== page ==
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Old 05-20-09, 02:48 PM   #1
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Question on repairing a small bend in seatstay

Hi everyone, I've been on bikeforums a while, but it's my first post here... So bear with a "frame-newbie"!

I recently discovered that my beloved Lemond Fillmore has a bend on the drive side seat stay (see pic). It looks consistent with someone giving it a good kick while I had it locked up. My LBS check the frame & the good news is that it is not out of alignment, and it's fine for riding.

So the damage is cosmetic - and emotional, darn it!

What needs to be done to straigten it out - and can anyone recommend a framebuilder or shop in Toronto that can do this?

Thanks in advance for your help!

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Old 05-20-09, 08:11 PM   #2
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One thing you can try before taking it to a frame builder is get one of those trigger clamps like you can get at Lowes. I am not sure of the brand, maybe Stanley, mine is blue and has soft yellow padded clamps. The bike will have to be in a fixed position somehow so it won't move and leave the wheel in. Put one end of the clamp around the seat stay and the other around something that won't move and gradually close the clamp with the trigger and see if the stay will return. Its worth a try because it shouldn't hurt the paint and because the clamp closes only as much as you pull the trigger there isn't much chance in damaging the stay further. If it doesn't appear to be working, stop. I imagine there are other types of clamps as well. This is only an idea that comes to mind, I have never done this before. Good luck.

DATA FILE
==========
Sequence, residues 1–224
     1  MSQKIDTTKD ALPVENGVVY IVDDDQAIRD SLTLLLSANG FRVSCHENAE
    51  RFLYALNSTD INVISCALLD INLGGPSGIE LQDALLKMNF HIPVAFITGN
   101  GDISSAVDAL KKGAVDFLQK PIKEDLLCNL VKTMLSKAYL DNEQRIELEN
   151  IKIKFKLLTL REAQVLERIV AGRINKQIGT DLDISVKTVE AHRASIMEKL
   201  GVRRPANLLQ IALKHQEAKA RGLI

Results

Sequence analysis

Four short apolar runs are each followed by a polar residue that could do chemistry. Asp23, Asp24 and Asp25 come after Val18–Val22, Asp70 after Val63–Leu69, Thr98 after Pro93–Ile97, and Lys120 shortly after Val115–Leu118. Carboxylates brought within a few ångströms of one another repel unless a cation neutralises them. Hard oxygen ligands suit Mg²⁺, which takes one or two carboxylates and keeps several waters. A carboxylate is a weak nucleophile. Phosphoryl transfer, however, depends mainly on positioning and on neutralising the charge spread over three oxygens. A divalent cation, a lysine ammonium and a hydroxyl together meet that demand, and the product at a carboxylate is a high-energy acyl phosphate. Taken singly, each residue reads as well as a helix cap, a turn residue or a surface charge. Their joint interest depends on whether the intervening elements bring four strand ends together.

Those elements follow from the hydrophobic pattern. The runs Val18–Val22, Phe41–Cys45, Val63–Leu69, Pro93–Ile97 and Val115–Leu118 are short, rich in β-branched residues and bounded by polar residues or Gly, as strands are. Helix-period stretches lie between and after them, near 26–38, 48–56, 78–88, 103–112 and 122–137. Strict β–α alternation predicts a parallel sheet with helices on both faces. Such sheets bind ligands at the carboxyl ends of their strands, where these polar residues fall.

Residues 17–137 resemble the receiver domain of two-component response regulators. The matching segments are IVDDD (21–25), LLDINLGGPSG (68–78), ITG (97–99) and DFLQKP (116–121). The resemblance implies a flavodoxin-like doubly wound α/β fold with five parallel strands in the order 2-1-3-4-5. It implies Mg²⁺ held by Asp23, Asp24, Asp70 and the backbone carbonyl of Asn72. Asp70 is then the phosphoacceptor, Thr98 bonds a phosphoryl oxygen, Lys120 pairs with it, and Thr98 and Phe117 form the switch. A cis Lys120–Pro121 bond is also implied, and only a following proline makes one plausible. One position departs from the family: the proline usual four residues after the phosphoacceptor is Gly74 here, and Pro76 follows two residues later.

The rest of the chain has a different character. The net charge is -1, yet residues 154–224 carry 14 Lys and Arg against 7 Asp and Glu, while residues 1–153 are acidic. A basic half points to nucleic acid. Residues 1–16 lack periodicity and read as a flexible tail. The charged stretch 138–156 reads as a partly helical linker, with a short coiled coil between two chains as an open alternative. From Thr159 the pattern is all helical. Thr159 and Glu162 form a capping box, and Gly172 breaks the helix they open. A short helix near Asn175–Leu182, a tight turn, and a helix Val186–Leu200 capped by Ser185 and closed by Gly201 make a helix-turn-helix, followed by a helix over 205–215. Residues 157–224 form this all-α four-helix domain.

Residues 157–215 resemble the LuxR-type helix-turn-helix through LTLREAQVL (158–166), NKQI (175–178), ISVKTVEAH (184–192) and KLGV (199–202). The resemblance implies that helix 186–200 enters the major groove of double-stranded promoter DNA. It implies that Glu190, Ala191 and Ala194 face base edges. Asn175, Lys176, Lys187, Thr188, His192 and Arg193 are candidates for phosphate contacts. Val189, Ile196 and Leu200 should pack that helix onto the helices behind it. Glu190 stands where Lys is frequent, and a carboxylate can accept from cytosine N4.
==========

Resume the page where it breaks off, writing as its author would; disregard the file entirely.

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Old 05-20-09, 11:33 PM   #3
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Depending on where the kink is, it might come out with the park frame bender tool. A bike shop would be able to do that.

On edit: a bike shop with a good mechanic will be able to fix that. Finding such a mechanic shouldn't be that hard. I would try to judge the shop's confidence in their ability to do a good job. The people that sent you away obviously are out of the running.

Last edited by unterhausen; 05-21-09 at 12:13 PM.
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Old 05-21-09, 08:30 AM   #4
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+1 for the Park tool, it will allow you to focus the leverage at just the right spot...basically the tool designed for what meech is describing.
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Old 05-22-09, 11:15 AM   #5
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Thanks for those tips! I will look around for the Park frame tool....
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Old 05-22-09, 11:25 AM   #6
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It's the Park Tool FFS-2.
- Stan
I'm with her.
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